|Fertilizers||A freshwater plant fertilizer will supply your plants with extra nutrients for faster growth and less yellowing leaves.
Start adding plant fertilizers as soon as you introduce plants into your fish tank.
|Water hardness||3-8 dGH|
|Filtration | Circulation||Both filtration and circulation are necessary for a planted tank.
A steady water current will evenly distribute plant fertilizers, prevent algae overgrowth, and space out plant cleaning sessions.
So, are live aquarium plants worth the effort?
Listed below are the benefits that aquatic plants bring to the table in a planted tank. Decide for yourself!
- Improved oxygenation
Live aquarium plants will convert carbon dioxide into oxygen, perpetually improving oxygenation inside your planted tank. This will benefit both fish and your aquarium’s water quality (stabilized pH, better circulation/filtration).
- Stress inhibitors for your pet fish
Aquatic plants make awesome hiding spots for shy (or vulnerable) fish inside a tank. Many pet fish use plants as refuge areas, resting spots, and even to explore for entertainment.
With plenty of room to hide and rest, stress levels among your fish will drop significantly. And keeping stress levels low is the best way to keep fish healthy in captivity!
- Algae control
By consuming excess nitrates and phosphates, live plants will inhibit algae overgrowth, practically competing with algae for nutrients.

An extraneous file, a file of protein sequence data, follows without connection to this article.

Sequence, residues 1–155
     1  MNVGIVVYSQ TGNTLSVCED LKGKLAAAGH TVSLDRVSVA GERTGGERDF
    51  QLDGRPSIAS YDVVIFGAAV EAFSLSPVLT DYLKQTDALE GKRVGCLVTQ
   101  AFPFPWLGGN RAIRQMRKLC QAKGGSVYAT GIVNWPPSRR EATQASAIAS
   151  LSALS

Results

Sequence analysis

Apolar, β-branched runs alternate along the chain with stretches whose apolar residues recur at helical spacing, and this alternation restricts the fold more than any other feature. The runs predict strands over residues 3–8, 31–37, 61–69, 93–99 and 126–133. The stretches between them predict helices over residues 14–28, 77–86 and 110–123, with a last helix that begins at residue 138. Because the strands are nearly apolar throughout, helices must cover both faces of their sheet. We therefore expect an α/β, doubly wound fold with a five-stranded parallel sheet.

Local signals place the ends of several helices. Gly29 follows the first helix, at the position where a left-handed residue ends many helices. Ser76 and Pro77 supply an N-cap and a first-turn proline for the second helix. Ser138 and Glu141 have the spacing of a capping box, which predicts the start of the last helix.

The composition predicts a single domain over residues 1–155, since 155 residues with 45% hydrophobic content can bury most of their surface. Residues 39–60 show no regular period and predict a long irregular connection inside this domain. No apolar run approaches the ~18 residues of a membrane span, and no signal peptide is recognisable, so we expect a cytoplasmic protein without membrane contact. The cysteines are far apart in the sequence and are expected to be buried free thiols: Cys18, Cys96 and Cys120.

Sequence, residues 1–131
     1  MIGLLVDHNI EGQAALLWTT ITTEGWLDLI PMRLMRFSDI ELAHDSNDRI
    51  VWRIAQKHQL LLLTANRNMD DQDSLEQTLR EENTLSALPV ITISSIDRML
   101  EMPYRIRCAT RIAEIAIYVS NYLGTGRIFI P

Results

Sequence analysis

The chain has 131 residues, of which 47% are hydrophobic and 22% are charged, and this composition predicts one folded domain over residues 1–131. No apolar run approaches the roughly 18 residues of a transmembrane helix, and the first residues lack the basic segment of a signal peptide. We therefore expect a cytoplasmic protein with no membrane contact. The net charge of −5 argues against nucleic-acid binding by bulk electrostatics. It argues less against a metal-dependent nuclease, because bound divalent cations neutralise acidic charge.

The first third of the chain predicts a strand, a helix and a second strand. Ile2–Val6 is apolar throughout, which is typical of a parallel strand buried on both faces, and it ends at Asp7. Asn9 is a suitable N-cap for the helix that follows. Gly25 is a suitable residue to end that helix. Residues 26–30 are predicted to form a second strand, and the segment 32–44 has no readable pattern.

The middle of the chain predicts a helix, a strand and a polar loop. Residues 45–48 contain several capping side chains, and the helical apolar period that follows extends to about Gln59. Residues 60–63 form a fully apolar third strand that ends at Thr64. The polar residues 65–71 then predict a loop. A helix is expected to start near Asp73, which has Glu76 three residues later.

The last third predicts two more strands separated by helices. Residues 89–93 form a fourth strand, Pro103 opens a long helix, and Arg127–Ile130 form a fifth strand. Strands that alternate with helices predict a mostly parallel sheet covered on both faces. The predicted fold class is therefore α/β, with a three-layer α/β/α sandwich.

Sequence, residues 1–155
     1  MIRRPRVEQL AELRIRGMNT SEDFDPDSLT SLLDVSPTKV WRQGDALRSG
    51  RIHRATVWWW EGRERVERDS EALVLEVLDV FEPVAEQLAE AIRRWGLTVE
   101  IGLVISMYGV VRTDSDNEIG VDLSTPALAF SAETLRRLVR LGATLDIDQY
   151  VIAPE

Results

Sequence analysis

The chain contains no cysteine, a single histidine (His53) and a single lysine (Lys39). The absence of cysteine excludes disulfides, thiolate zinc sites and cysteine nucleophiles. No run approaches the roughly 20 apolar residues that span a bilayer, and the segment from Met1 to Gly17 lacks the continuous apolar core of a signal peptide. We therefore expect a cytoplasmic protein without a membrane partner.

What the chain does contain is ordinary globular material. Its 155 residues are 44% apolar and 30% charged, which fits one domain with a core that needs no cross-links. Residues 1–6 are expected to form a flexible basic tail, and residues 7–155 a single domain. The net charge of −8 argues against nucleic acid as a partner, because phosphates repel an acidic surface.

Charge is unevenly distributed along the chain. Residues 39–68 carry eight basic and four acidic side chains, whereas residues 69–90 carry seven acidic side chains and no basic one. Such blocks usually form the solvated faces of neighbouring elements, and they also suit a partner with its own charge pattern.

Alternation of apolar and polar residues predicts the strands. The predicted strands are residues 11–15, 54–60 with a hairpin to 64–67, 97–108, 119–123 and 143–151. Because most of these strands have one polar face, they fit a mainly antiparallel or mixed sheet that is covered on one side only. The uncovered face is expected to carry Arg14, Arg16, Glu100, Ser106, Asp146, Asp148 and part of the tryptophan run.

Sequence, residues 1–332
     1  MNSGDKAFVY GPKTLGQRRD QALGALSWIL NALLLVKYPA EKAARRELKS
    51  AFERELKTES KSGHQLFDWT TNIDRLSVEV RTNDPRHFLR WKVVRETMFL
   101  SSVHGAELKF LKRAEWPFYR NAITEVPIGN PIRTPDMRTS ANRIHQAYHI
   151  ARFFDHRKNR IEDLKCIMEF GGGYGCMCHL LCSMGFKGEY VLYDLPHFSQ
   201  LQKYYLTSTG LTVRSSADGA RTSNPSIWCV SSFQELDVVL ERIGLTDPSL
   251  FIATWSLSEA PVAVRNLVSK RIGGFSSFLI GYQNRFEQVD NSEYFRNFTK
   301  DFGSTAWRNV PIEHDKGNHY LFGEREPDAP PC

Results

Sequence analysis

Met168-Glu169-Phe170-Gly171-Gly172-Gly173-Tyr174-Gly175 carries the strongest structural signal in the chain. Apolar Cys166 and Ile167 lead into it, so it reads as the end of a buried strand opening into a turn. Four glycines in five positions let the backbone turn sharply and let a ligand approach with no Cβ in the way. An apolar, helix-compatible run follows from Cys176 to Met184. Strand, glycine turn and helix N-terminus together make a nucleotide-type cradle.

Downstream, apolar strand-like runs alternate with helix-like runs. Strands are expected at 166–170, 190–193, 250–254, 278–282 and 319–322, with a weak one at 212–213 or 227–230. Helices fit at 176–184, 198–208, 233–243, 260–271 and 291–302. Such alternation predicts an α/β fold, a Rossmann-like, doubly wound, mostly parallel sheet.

- Excellent spawning sites
Fish that lay eggs will often use plants as spawning sites, which provide both stability (eggs stick to the leaves easily) and protection. Live aquatic plants can also help shield the newborns of livebearers and the free-swimming fry of egg-laying fish.
- Food source for herbivores
Lots of omnivorous/herbivorous fish will nibble on live aquarium plants, some eating the tiny microorganisms that live on plant leaves, and some feasting on the plants themselves.
Get into the habit of either quarantining live aquarium plants or using a diluted disinfectant solution to sanitize them before adding them to your fish tanks.
You’ll avoid exposing your pet fish to the pathogens that live plants can carry with them during transfers. Prevention will require significantly less effort than dealing with a disease/parasite outbreak in a fully stocked community tank.
Once established, most live aquarium plants are easy to clean and care for, as long as you meet their most basic needs for light, fertilizer, and decent water quality.